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As we mentioned in our article last month, there are many benefits to incorporating the world of social media into the everyday lives of schools, parents, teachers, and probably those most familiar with it, students.  It’s an incredibly powerful communication tool that educational establishments should be jumping at the chance to use.

Now…of course, as with anything online, there are going to be risks and things that one should be wary of.  The problem with the internet is that once something’s out there…it’s nearly impossible to get back.  If schools are going to be using social media sites to provide information (personal or general) on a regular basis then they need to know how to do it properly, professionally and successfully.

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Well, anyone can do ten tips so we’ve put together just eight…  we wanted to make things quicker and easier to get really, really right!

  1. Follow the leader.  First of all you need someone on hand, running the page.  Someone  who knows exactly what they’re doing.  It isn’t hard to get around things like Twitter and Facebook but it is important that, when people start to talk back to you, there is someone there listening and responding.  They need to be ready to provide all the answers and relevant information quickly and comprehensibly without jeopardising the school’s image or its relationships with parents and outsiders.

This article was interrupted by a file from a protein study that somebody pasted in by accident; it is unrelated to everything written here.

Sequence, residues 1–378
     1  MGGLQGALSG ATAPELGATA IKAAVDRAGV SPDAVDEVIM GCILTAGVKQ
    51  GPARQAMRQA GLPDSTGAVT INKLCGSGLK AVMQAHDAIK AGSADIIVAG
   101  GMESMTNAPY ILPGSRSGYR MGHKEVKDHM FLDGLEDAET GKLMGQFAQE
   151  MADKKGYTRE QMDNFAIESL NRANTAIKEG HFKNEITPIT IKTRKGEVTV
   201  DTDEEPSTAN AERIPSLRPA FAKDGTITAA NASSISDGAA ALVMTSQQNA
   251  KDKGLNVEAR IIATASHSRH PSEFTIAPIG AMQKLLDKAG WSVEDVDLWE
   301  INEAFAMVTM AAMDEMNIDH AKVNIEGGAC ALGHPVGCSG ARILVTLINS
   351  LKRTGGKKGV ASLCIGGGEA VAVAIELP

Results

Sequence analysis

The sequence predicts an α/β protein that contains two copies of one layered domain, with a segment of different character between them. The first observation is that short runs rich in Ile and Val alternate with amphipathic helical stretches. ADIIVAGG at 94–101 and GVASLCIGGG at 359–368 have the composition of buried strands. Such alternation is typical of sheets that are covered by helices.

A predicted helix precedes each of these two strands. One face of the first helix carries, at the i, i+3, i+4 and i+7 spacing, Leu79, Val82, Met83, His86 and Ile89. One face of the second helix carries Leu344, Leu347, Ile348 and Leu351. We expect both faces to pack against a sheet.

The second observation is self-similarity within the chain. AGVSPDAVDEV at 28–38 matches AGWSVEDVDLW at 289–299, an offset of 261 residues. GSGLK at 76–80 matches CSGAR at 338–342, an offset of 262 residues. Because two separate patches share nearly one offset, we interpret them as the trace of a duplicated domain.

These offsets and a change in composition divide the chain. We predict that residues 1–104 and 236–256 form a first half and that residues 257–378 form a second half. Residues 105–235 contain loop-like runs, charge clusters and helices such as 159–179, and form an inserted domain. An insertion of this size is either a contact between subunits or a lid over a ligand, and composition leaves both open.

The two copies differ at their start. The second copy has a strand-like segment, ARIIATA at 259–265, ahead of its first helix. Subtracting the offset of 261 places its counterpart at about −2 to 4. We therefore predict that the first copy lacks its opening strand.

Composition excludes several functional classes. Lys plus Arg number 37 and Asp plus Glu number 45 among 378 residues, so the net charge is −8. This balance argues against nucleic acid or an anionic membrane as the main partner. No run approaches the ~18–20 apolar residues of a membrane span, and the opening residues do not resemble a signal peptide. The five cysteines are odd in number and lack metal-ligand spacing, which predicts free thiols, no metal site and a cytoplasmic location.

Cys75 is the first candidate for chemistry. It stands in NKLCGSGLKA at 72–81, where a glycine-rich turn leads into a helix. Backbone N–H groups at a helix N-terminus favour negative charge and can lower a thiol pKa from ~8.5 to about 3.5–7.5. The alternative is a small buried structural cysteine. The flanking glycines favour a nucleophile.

2. Admins. It’s worth having more than one person in control as content should be updated regularly.  Don’t stick all your eggs in one basket.  Make sure you have two or three people contributing and it’ll be a lot easier to keep things populated and responded to.
  3. Protecting the students.  Before introducing a Facebook or Twitter page, a school must ensure they’ve thought through the types of content they’re planning on sharing with the world.  Consent must be obtained from a child’s guardian before any information is shared (this includes pictures, videos, first names, work samples etc.), as well as avoiding sharing surnames as this could potentially put them at risk (and in some cases is actually illegal).  We don’t want to teach you to suck eggs about things like this but it is important not to get too carried away.  Start small and build from there.
  4. Sorry, yet more security.  Once a page is set up, there are a few settings that should be considered to ensure it’s easy to monitor.  It’s a good idea to control what content users themselves are allowed to upload or share; start off by limiting these permissions; it’s better to become more permissive than more restrictive.
  5. Encourage others.  Make it known that your school has leapt online; the more people interacting the easier things become. Inform parents of the benefits of social media, and if need be, educate them so that they too can be fully involved.
  6. Age appropriate.  Facebook users have to be 13 +, therefore it would be inappropriate to use Facebook to directly communicate or inform pupils under 13.  However, it would still be highly beneficial to their parents or even used as a way of supporting senior-school trips, groups and classes.
  7. Be wary of specifics.  When posting about particular events, trips or occasions admins should be careful not to post too many details.  No doubt there will be child protection issues around revealing when and where pupils are going in public.
  8. Keep your eyes open.  Finally, it’s really worth planning things out and checking with others, before you publish things… just to make sure everyone agrees that it’s in line with what you want to achieve.  Feedback and monitoring are you two most valuable tools in making sure social media is doing what you need it to.

 Written by EC associate Katy Jones

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